Thanks for the detailed reply. I originally had the variable members in my specific Product form because nothing except the form itself and its sub forms required access. I was passing the data down to the sub forms using a Constructor with parameters but was advised that the method should be avoided and instead, Delegate from the sub form to the parent form which is what i have done now.

The data is updatable but locally per user. Each sub form requires access to get / set the data and the parent form requires access to update a model. It is then processed from the parent model as a complete data set. So, there are different datasets per different products and i only need to load the specific product elements required.

In this image, i try to demonstrate what im thinking which is-

  • Create the ProductForm on demand by Product

  • Create the Subforms required for the ProductForm

  • Create the Data Class specific to the product

  • Subforms Get / Set data as required through UI to / from DataClass

  • Invoke an update on the ProductForm to graphically display the DataClass Update

  • Process the data in a final method to its destination

  • Dispose of the Product Form and all of the objects created for the product

88346-object.png

Apologies for incorrect naming here, this was done for a non code team meeting..

It looks like i need to instantiate the DataClass either as the productForm is loaded or Directly after on the ProductFormCreate method then Dispose of it after while not creating a direct link between the form & subforms..

Hope that make sense :S



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cooldadtx answered cooldadtx commented

I'm not sure what the original conversation was around why you should avoid constructor parameters as this is the correct approach in most cases. There is a fine line between required and optional data however. If the data is required then a constructor parameter ensures the compiler will prevent someone from opening the form without a product (of course it could still be Nothing). However if it is optional then a property is the better route. In either case the data should be passed from the parent to the child form. This eliminates the need for any additional support types.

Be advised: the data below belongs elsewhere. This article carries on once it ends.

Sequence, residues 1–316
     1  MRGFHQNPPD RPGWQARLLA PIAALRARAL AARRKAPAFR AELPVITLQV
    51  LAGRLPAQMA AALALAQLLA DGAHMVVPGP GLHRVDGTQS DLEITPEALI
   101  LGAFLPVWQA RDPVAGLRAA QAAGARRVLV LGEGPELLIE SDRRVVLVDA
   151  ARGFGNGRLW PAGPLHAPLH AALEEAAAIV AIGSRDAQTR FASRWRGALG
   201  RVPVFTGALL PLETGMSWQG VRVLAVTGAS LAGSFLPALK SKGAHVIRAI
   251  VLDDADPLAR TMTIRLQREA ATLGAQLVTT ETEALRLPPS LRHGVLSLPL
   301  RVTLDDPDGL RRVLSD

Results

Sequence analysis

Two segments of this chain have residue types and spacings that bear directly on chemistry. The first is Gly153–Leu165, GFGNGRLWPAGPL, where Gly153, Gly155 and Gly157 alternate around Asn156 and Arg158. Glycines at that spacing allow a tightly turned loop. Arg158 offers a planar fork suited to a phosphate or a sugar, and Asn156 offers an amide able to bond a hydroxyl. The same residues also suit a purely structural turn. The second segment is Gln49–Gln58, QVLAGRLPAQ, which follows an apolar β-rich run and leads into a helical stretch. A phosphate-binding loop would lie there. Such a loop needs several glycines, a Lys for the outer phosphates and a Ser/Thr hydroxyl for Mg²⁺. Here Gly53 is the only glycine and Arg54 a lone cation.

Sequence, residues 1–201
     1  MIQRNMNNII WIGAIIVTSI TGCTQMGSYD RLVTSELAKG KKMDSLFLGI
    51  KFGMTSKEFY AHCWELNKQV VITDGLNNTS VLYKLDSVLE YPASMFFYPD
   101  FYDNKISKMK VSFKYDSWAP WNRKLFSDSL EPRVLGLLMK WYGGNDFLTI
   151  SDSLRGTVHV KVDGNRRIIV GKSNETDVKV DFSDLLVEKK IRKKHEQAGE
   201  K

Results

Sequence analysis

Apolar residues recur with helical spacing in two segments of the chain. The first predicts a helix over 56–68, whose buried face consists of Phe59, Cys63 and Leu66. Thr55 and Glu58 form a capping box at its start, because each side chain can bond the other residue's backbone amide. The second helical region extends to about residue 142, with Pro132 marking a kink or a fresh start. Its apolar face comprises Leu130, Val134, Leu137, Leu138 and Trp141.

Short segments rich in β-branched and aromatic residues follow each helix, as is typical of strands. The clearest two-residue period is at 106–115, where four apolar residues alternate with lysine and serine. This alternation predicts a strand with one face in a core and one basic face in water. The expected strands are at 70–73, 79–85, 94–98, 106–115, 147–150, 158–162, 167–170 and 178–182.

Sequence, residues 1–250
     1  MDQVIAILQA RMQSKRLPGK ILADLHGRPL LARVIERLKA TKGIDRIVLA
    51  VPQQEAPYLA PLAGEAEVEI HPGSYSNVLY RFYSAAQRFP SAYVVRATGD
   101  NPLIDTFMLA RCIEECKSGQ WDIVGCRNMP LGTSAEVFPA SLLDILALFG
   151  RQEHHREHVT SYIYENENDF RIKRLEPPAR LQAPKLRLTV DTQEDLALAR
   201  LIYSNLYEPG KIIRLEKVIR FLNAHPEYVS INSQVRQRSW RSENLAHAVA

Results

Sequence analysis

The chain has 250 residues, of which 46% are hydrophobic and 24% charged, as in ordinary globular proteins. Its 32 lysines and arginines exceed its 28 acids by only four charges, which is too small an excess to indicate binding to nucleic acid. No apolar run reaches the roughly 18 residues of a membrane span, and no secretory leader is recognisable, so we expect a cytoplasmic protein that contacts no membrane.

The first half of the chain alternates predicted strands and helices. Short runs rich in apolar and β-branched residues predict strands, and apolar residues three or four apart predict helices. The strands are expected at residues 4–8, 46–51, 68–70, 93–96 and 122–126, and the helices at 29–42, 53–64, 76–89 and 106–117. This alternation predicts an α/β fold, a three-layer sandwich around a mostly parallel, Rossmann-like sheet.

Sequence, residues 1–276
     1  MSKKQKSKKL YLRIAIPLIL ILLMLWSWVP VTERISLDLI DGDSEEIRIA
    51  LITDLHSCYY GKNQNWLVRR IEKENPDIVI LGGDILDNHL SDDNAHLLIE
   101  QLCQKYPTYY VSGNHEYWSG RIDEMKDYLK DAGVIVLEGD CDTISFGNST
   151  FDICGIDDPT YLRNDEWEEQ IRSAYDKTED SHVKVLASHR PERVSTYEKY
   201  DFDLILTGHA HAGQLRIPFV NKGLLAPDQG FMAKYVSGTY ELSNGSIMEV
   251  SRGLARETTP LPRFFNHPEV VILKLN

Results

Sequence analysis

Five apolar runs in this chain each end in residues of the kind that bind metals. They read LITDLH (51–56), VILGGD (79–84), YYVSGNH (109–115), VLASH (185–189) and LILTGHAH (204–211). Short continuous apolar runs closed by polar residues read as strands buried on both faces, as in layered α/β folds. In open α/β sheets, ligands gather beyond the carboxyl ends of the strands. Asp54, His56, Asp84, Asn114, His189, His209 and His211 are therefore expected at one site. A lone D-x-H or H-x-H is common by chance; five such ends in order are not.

Furthermore it would allow you, in the future if desired, to support opening multiple product forms at the same time with each of their sub forms and there would be no chance that any confusion would occur.

I do agree that the product form (parent) should be responsible for getting the initial data and probably saving that data but I could also see each sub form loading and saving its portion of the data. But none of this is really related to getting the data into the form to begin with. Using a shared data class to avoid a constructor parameter or property assignment is introducing unneeded complexity to a simple problem. There may be other business reasons that I'm not aware of though.

' Required data is passed as parameters
Dim child as New ChildForm(product)

' Optional data can be set on properties
child.OptionalStuff = optionalData
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Meant to include a more concrete example.

Class Product
   Property Manufacturer As ManufacturerInfo
      ...
   End Property

   Property Classification As ClassificationInfo
   ...
   End Property
End Class

` Inside ProductForm
Dim product As Product = GetAProduct

' Create child forms
Dim manufacturerForm As New ManufacturerForm(product.Manufacturer)
Dim classForm As New ClassificationForm(product.Classification)

' Show forms and do work

' All done, save
SaveProduct(product)
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nachoshaw-9496 answered nachoshaw-9496 commented

Thanks for being thorough. I did prefer the method of passing parameters to the Constructor but i can also see the benefits of the delegates. Its probably too time consuming now to revert back but we'll see..

There arent any business reasons withheld.

  • there is 100% guarantee that only 1 product will be open at a time, its the way we need to operate.

  • The application is a plugin to a 3rd party software

  • each product is a simple left to right process to each ChildForm with a function at the end to process the data to a dataset

i have had various versions, all working in their own way. At one point, i did have all subs containing their own data properties but as the complexity grew, it became more difficult passing those property values between subforms without creating a bunch of extra handling code (as the process moves left to right, some property values are required in the next subforms etc). In my mind, if